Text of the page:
The Guardian: Hollie Fallick looks over Brading on the Isle of Wight, at a patchwork of fields boarded by ancient oaks, which stretches to the Solent. “We still have to pinch ourselves every day,” says the 30-year-old, as she surveys the 50 hectares (125 acres) she farms with her best friend, Francesca Cooper, 34.
The friends – who have five young children between them, were both vegan for a period, and are lifelong environmental activists – are not typical livestock farmers. And they don’t practise typical farming: instead they are part of a growing global movement practising regenerative agriculture – or regen ag for short.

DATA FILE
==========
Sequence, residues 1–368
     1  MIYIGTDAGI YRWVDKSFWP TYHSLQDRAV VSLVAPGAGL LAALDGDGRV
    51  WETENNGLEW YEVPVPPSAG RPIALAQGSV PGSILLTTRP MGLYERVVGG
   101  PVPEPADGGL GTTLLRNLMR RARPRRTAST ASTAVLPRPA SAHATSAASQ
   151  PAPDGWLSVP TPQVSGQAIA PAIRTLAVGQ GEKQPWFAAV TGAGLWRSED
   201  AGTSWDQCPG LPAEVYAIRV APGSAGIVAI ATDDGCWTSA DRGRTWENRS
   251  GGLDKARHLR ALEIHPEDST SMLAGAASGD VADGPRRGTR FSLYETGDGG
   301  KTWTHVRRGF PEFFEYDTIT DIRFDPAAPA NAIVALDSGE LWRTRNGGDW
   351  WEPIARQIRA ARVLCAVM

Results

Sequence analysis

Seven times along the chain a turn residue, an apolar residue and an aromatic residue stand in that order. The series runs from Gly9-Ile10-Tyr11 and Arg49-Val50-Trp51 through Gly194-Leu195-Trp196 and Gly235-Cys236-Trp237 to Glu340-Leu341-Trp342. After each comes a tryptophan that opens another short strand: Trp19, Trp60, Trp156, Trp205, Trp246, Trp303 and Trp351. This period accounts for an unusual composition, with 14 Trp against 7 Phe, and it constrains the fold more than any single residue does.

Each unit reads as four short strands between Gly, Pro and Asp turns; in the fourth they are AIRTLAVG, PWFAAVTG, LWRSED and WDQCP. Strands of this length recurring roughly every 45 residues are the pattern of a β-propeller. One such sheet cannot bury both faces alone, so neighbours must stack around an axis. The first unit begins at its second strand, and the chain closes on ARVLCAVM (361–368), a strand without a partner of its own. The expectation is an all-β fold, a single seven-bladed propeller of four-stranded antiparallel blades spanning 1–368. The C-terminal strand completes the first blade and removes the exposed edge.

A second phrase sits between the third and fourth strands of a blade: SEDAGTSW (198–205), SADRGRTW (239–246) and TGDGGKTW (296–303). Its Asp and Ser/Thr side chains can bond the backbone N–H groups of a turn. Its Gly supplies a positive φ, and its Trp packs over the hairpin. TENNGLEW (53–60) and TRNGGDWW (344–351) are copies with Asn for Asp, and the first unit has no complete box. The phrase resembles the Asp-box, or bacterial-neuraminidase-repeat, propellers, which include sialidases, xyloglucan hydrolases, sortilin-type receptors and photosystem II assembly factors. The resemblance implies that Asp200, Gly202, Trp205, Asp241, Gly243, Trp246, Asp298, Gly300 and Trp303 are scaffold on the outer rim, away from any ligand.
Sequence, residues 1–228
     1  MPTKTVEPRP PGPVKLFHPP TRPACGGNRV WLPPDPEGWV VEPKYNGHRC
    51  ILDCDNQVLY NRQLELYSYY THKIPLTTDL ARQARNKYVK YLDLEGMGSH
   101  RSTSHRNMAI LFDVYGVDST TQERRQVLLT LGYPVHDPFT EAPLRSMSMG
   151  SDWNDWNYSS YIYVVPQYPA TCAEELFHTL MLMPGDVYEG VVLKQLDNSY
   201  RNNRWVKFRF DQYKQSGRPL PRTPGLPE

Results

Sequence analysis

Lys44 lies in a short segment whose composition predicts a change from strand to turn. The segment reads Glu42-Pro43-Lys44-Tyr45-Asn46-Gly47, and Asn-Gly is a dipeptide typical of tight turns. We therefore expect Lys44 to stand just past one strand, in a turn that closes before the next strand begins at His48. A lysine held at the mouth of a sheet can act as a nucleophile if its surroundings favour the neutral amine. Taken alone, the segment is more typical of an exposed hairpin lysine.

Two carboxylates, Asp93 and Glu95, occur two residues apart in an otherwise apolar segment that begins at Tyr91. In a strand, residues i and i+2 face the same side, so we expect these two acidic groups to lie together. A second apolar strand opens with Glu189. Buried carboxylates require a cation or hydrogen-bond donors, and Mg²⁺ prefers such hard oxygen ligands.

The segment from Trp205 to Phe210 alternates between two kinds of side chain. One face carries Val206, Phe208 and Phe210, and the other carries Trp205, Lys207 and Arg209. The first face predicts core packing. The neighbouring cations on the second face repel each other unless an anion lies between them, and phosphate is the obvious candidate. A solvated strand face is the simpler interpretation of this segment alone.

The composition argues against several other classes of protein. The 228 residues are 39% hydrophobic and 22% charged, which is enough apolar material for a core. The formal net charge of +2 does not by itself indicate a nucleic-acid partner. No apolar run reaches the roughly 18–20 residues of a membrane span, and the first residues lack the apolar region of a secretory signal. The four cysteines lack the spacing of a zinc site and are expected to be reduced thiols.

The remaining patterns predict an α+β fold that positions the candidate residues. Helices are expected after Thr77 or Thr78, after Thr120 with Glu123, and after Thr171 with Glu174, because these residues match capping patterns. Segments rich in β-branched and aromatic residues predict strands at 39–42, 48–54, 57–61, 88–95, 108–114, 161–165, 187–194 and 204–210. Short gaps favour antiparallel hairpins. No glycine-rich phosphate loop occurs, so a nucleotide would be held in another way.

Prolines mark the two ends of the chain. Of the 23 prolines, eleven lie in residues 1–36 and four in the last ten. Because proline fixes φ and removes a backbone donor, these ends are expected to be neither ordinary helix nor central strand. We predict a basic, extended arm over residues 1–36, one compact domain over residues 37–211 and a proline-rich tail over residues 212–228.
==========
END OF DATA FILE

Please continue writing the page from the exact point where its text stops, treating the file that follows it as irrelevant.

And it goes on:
“Really simply, regenerative agriculture is nature-friendly farming,” says Fallick, who says she stopped being vegan when her health suffered. “It’s thinking about the health of soil, animals, humans and how they all link together.”
On Nunwell home farm, which sits alongside land the pair manage for the Wildlife Trust and produces meat and eggs for their direct-to-consumer business, chickens peck away alongside belted Galloway cows, nomadic pigs graze on grass as well as kale and bean “cover crops” sown to boost nutrients in the soil. The idea is that by following the basic principles of regen ag – not disturbing the soil, keeping it covered, maintaining living roots, growing a diverse range of crops and the use of grazing animals – they can regenerate tired and depleted soil and produce nutritious food.
Nayeemul Islam khan
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